• Difficulty gaining entry in certain industries. Women have made great strides in business, but they still face many obstacles, especially in certain industries. Women tend to be underrepresented in specific areas, notably in the tech industry, where they run only 9 percent of businesses.45 Women tend to be underpaid in tech positions, they experience sexism, and they are often passed over for promotions, especially if they have families with young children. So, if there are no female role models, it is difficult for women to follow an entrepreneurial path that is already full of obstacles. Although young girls and women desire to study and expand their careers, historically, they have not been presented with the opportunities and encouragement to do so, especially in STEM. By the time they get into college, the number of women in these careers—which can be rich in entrepreneurial opportunities—is very small. However, more efforts are being made today to support young girls interested in scientific, technological, and mathematical careers.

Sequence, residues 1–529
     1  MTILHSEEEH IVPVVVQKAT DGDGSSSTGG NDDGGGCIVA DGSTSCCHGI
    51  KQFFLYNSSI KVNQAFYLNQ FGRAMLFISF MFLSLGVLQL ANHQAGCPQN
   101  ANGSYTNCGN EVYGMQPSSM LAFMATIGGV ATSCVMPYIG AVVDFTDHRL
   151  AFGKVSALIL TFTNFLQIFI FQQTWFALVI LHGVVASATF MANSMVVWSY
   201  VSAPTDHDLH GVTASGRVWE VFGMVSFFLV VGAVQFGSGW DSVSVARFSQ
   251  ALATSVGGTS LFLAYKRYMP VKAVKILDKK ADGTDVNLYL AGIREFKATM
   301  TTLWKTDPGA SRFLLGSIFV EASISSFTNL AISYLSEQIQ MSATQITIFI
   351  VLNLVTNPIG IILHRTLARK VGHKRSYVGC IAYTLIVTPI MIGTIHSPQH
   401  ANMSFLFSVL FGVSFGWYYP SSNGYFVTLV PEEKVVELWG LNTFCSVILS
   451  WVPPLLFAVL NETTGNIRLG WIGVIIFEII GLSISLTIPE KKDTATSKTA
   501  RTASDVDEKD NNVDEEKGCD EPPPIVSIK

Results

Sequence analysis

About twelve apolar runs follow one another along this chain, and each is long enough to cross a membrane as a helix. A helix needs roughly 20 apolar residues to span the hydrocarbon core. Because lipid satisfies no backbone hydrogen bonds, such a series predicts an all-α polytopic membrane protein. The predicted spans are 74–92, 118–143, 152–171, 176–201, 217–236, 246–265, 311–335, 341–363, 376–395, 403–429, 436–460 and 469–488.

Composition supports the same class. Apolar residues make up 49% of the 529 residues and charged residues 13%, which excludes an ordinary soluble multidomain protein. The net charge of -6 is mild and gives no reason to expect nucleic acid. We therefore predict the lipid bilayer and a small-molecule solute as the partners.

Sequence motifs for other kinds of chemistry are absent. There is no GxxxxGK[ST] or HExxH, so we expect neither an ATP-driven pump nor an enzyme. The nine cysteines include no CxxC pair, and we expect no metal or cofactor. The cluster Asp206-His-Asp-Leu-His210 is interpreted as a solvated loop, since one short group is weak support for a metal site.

• Lower sales and fewer employees. Women overall tend to struggle more to keep their businesses afloat, as they have fewer employees,46 less revenue, and less profit than male-owned businesses. Only 2 percent of female-owned businesses make over $1 million in sales. Male-owned businesses, on the other hand, are 3.5 times more likely to hit that revenue target.47 Some of the reasons why women experience this is because women may enter entrepreneurship part time, often striving to sustain a decent family work balance, which is difficult when children, especially young children, are part of the equation. This set-up usually includes one employee, who is the entrepreneur herself, and she may have attained her goals without wanting to make millions. Time, flexibility, and work-life balance can be reasons women become entrepreneurs, and they are happy with their goals of making some money while taking care of their family and household. Lack of experience in business or managing a family business, and lack of access to capital are also reasons for the lower metrics.48